If the Beach Boys’ lost Smile album, which Brian Wilson recently performed live, was a “teenage symphony to God”, then Cloud Cult‘s Aurora Borealis is a grown-up symphony to the departed soul of a two-year-old child.
Cloud Cult mastermind Craig Minowa’s life is the stuff of Greek tragedy or the book of Job. An environmental activist, he used to have it all: a home and organic farm outside Sandstone, Minnesota; a wife, his high school sweetheart, Connie; and an infant son, Kaidin. Then, on 23 February 2002, Kaidin fell asleep to the somber strains of Mozart’s “Requiem” and, for reasons that remain unexplained medically, never awoke. Connie discovered the lifeless body the next morning. The couple’s shared pain would become too much for their marriage to withstand, and they eventually divorced.
If Minowa existed in the plays of Sophocles, surely he’d have gouged his own eyes out by now. Yet in his all-consuming grief, somehow the environmentalist/songwriter finally found a way to channel his dual ambitions. His organic farm became an environmentally friendly home recording studio (“powered by geothermal heating and cooling”, the liner notes helpfully inform us) and the offices for Earthology Records, billed as the world’s only nonprofit record label. His torrent of emotions became a flood of recordings—more than 100 songs, Minowa has said—some of which would end up on Cloud Cult’s third album, last year’s They Live on the Sun.
Aurora Borealis, like its predecessor, uses solar imagery to express the musician’s deep love for his son—and fervent belief that through the sun and its effects on the Aurora Borealis, they remain connected (more on this later). “In seeing the northern lights, I really feel his presence,” Minowa told the Duluth News Tribune. Nevertheless, where They Live on the Sun focused on our local ball of light and heat and sunspots, the new release is a more-direct communique to Kaidin: a message of love, tempered with anguish, transmitted through hope.
Like Wilco’s Yankee Hotel Foxtrot, Aurora Borealis is the rare album that has the musical merit to match its great making-of story. Confident, mature, honest, inventive, eclectic, and unremittingly catchy: Minowa’s fourth release deserves all the adjectives befitting a classic album.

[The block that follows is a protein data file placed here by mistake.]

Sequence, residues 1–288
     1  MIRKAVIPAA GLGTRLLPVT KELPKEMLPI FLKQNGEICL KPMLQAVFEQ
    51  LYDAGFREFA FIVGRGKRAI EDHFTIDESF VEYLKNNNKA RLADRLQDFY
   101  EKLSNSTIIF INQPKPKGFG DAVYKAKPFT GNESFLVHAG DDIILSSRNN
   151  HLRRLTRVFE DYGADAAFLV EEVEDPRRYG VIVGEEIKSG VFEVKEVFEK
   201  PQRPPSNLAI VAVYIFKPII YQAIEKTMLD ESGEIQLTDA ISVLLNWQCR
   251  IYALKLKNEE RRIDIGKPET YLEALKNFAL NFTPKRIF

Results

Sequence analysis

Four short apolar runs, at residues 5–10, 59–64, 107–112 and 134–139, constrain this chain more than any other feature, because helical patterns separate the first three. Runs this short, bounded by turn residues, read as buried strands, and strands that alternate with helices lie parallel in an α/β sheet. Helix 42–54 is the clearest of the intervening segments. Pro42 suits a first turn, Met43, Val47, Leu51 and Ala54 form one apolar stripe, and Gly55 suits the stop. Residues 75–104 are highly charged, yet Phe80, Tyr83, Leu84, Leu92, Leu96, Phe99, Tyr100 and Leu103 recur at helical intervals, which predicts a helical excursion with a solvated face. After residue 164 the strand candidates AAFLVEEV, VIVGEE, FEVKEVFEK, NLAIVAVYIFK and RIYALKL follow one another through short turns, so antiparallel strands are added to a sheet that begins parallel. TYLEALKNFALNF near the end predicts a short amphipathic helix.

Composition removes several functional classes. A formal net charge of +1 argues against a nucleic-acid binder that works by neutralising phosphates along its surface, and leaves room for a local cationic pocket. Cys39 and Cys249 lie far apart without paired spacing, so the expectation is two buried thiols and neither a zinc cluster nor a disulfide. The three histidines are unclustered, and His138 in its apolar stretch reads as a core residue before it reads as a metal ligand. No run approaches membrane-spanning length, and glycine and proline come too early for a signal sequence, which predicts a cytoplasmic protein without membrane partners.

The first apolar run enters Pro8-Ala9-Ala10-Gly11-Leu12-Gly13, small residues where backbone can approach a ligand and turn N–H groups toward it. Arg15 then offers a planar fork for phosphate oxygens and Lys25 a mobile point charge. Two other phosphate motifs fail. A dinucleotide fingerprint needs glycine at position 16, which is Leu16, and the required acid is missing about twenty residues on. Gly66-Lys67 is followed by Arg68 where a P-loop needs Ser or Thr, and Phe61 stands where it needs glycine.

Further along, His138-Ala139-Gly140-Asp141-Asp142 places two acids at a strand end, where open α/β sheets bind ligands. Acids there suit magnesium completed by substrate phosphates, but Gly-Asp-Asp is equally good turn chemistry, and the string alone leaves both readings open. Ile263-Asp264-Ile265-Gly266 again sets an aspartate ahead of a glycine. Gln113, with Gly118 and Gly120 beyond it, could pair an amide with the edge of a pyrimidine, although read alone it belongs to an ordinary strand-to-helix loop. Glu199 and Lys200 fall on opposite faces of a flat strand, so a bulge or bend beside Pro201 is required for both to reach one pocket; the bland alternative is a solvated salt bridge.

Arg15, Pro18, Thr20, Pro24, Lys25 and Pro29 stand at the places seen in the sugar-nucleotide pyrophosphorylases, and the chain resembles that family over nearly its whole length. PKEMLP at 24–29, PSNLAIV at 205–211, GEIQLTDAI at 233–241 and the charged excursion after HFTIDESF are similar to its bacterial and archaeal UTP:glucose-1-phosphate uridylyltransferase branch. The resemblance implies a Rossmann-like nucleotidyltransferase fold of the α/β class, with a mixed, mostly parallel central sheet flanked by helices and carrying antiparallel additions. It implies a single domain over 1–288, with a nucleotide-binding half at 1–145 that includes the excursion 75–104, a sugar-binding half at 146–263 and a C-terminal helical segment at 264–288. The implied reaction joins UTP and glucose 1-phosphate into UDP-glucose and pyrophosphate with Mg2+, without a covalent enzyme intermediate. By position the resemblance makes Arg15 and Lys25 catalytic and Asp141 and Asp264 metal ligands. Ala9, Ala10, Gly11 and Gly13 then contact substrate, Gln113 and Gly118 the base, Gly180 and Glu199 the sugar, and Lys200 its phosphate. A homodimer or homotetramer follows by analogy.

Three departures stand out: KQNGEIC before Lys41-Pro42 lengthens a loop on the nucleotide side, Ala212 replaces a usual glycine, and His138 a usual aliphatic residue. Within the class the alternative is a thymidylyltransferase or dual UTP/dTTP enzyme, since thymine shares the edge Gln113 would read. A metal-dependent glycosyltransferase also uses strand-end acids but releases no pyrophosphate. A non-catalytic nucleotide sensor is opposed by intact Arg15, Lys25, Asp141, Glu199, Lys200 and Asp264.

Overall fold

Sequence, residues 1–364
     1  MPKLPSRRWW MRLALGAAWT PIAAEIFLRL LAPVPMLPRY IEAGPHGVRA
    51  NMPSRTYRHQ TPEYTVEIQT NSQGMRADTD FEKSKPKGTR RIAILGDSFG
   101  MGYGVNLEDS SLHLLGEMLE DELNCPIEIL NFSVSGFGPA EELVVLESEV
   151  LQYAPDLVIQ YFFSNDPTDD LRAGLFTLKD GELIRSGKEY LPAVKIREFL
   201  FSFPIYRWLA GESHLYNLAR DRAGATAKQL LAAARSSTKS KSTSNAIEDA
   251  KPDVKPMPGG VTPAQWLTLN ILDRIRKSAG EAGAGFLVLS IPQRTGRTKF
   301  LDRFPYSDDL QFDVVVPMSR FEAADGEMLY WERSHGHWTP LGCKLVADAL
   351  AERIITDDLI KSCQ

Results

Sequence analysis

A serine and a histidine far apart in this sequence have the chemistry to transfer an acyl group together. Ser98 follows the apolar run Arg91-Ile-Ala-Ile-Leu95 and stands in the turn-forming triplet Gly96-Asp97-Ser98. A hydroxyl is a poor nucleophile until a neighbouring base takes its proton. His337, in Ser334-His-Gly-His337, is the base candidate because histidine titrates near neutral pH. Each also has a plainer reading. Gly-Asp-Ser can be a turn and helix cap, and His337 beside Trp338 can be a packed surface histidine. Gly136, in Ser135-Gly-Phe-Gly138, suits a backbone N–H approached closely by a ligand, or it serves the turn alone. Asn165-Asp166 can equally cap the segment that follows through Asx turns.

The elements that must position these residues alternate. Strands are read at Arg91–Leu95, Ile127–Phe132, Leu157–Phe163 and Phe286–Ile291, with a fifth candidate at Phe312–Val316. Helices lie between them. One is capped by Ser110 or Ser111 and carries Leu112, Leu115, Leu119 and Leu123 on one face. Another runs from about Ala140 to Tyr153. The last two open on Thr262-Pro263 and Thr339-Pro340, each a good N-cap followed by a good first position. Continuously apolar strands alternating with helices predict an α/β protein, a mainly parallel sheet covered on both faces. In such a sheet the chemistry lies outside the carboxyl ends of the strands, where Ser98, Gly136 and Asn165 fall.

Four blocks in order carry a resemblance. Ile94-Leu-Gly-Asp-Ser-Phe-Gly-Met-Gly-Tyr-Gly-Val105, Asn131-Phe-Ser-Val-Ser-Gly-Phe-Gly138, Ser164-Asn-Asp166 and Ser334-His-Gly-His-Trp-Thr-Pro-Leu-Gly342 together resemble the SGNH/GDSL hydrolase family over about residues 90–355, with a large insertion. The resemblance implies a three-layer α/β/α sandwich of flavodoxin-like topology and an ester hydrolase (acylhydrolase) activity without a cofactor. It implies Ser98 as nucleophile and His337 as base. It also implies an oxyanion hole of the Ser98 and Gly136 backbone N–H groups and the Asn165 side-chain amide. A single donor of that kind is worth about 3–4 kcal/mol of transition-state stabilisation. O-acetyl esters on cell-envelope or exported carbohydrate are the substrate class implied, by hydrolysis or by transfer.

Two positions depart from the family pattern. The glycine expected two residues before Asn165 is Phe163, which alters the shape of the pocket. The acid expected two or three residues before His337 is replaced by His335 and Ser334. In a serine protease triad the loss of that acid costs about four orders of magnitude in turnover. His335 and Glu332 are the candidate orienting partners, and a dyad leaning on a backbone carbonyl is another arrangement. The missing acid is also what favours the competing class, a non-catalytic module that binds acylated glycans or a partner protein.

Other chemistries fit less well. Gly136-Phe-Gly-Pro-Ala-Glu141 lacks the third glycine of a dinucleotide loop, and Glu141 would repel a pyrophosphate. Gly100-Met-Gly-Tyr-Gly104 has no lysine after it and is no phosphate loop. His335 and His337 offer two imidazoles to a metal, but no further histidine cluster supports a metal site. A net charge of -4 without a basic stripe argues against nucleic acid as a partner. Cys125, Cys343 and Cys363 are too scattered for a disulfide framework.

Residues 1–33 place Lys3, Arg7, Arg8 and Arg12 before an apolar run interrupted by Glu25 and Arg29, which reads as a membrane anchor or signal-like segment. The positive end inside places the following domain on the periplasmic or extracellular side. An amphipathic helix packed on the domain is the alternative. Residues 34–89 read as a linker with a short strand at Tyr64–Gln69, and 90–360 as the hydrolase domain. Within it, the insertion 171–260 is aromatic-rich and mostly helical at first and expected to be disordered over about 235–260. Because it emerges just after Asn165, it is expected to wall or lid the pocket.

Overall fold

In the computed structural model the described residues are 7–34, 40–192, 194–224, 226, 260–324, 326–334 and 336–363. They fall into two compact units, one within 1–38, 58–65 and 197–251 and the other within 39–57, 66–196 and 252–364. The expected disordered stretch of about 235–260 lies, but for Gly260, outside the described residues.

While many of 2004’s most-buzzed-about indie-rock albums are merely exercises in a trendy genre (from the endless garage-rock revival to the unremarkable post-post-punk of Franz Ferdinand), Cloud Cult displays the breadth of an iconic band to whom Franz Ferdinand is inexplicably compared, Blur. The two opening tracks introduce us to a driving, electronic-accented indie-rock and Minowa’s vocals, a strangled mix of Doug Martsch and Conor Oberst with—on these songs, at least—Julian Casablancas-style distortion. But the rest of the album’s 14 tracks touch on the atmospheric, the avant-garde, acoustic ballads, audio sample-based collage, and even politics.
“As Long As You’re Happy”, lamenting a failed relationship, is the perfect pop song. Acoustic guitar-based “I Guess This Dream Is For Me” could be the work of a more-optimistic Elliott Smith, augmented by a lovely orchestral flourish. As well as a master songsmith, Minowa is an innovator, as the abstract yet melodic meanderings of “My Secret Life With Amily” and “Grappling Hook/Northern Lights” establish. Kaidin even makes an eerie cameo in the latter track, via playful recordings made while he was alive.
Kaidin’s poignant giggling reminds us that although Aurora Borealis no doubt was conceived in a period of abject misery, the album, like love itself, is not just solemn or weighty. Observe: How does this earth-saving, CD-case recycling genius introduce his theme of true love? Why, through a song called “Princess Bride,” of course, sampling audio from the film of the same name. There’s something sublime in the way Minowa takes the minister’s unforgettably hilarious words, “Mawwiage is what bwings us togevah”... and then harmonizes with them.
For even bigger laughs, every self-respecting liberal should listen to “State of the Union”, which splices together Bushisms in the manner of Black Grape’s “Get Higher”, which had Ronald Reagan saying, “Nancy and I are hooked on heroin.” In Minowa’s fun-with-sound-clips opus, President George W. Bush blithely announces, “Tonight I have a message for the people of Iraq: Go home and die.”
It would be easy to neglect the lyrics amidst all the other forces at work on this impressive release. But the truth is that Minowa’s words, just like his spacious soundscapes, both encapsulate his feelings of loss and transcend them to deliver a timeless homily on the strength of love. From “Chandeliers”: “I’m always dumbin’ up the smart things / And smartin’ up the good things / And knottin’ up my shoestrings / And messin’ up the good things / But did you see the stars last night? / Punctuation for a perfect poem.”
Aurora Borealis isn’t a perfect poem, but it’s one of the best aural artworks to see release this year. Since it’s on Minowa’s own label—a nonprofit one at that—it will likely take a year or two to seep into the consciousness of an indie-rock public awaiting the next NME-approved, corporatized indie-rock act (perhaps they will even hear it on one of AOL Music’s two—count ‘em, two!—indie-rock channels).
But fans of sincere—and sincerely groundbreaking—indie rock will look to the North, and the sun. Minowa believes that because all carbon comes from stars, when the sun expands over the next few billion years, carbon-based life on Earth will be reunited with its origins, he will be reunited with Kaidin, and we will all go back to where we started. A beautiful notion. And Aurora Borealis is good enough to make me want to believe it.